Apollo 11: we heard it first

“Houston, Tranquility Base here. The Eagle has landed.”

These eight words are among the most famous ever spoken.

And, it’s a little known fact, that Australians heard them first.

That’s because it took the transmission from the Apollo 11 astronauts on the Moon about 0.3 seconds to travel from Australia where they were received to the United States (and the rest of the world). 

Spoken at 20:17 Greenwich Mean Time on July 20, 1969, they would be followed six hours six hours and 39 minutes later by an even more famous sentence.

“That’s one small step for [a] man, one giant leap for mankind.”

They will be forever remembered as the first words ever spoken from the Moon by a human being.

That human was Neil Armstrong, who along with Edwin “Buzz” Aldrin, was was the first of just 12 men to set foot upon a body of the solar system other than Earth.

Apollo 11 left the surface of Earth at 13:32 GMT on July 16, firing upwards from Cape Kennedy on Florida’s south-eastern tip.

At the top of the 110 metre, 33 storey tall Saturn V rocket, the most powerful rocket yet built, Armstrong and Aldrin were joined by Michael Collins, a man soon to become the loneliest human being in space.

Each of the F-1 rockets that powered the first stage was able to produce 1.5 million pounds of thrust.

To feed these incredible machines were pumps capable of passing 15 tons of specially formulated fuel into the engines per second.

This was needed as the Saturn V was more than double the height of the rockets that had taken Mercury and Gemini astronauts into Low Earth Orbit (LEO).

Apollo 11 was the culmination of the program set in place by President John Fitzgerald Kennedy.

His speech promised an American manned Moon landing “by the end of this decade”.

An exhaustive set of tests found men that possessed “The Right Stuff”.

The Mercury program launched a single man into space, the Gemini program hosted a duo.

One of these missions had Armstrong aboard.

In a test flight that designed to measure the ability of docking procedures to work, however, the Gemini craft piloted by Armstrong tumbled out of control after a small thruster locked in the firing position.

Without Armstrong’s ice-cold handling of the situation, both men aboard would have blacked out and most likely would have perished.

The first Apollo launch was delayed due to an unforeseen set of circumstances.

Three astronauts, just three weeks from their test launch, perished in a fire inside a fully oxygenated capsule.

It was found later that a single spark had caused the blaze, thanks to the cracked insulation of a creased cable.

Refinement and evolution of the Saturn V and attached crew modules eventually resulted in successful launches into Earth orbit and finally, Apollo 10’s lunar orbits.

The door to a manned Moon landing had been opened.

Unlike Aldrin and Collins, Armstrong was actually a civilian.

Collins had graduated from the United States Military Academy in 1952.

Aldrin also had graduated from the USMA, albeit a year before, and had been presented with a Doctorate in Mechanical Engineering.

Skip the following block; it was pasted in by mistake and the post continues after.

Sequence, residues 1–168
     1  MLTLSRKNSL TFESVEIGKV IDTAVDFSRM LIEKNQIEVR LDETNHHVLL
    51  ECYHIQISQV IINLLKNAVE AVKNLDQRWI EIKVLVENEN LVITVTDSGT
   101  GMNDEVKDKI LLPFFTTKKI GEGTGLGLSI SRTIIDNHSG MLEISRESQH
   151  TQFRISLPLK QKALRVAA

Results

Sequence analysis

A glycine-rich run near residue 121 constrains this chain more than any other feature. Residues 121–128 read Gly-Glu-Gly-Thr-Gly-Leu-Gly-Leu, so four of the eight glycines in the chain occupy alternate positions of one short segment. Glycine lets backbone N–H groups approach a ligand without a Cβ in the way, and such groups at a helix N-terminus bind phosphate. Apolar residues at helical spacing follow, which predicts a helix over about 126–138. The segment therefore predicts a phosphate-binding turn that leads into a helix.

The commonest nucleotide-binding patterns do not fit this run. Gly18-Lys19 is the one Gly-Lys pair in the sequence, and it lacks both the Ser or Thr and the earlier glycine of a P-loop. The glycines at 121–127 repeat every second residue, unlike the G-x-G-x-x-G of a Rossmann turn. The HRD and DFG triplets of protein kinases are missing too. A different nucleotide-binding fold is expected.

In 1963 he also gained a Doctorate in Science in Astronautics from the Massachusetts Institute of Technology, making him, effectively, the most “educated” astronaut aboard the Apollo 11.

In what was the first of six missions that were successful in reaching the Moon’s surface, training to learn about conditions on the Moon was minimal — compared with the final mission.

Just 151 minutes were spent outside the confines of the Lunar Module, dubbed “Eagle”.

A total of 21.5kg of rock samples were taken, considered priceless because the came from the Moon.

Meanwile, Collins remained In orbit around the Moon.

If anything had gone wrong on the surface below, he would have been making the journey back to Earth alone.

A picture he took during his orbits shows the Moon , the Lunar Module, and Earth.

It was later catchphrased: “This makes him the only person ever to have lived who was not inside the frame of the photo.” 

Although the Apollo  11 mission was successful, it wasn’t without some heart-stopping moments.

As the pair prepared to lift off from the Moon’s surface, Aldrin was forced to use a pen to enable a switch mechanism after a circuit breaker tripped.

Without the switch they wouldn’t have been able to fire the ascent engine and would have been stranded on the lunar surface.

Then there’s the famous 1201 and 1202 alarms, where data from the onboard computers simply overloaded what was a cutting edge memory retrieval system.

The normally unflappable Armstrong’s heart rate doubled within seconds, because the alarms coincided with a call that their remaining fuel reserves were down to 30 seconds — in fact 15 seconds worth — before Armstrong’s manual landing had “Eagle” hit the powder with just 8 seconds of fuel left.

At 16:50 GMT on July 24, the three landed in the Pacific Ocean after hitting a speed of almost 40,000km/h at the intersection of the Earth’s atmosphere 122km above.

A later and extremely thorough analysis of the Apollo 11 mission found that all parameters had been met — the mission was deemed a complete success.

Since then, just 10 other men, and five other pilots, have walked upon and orbited the body of rock we call the Moon.



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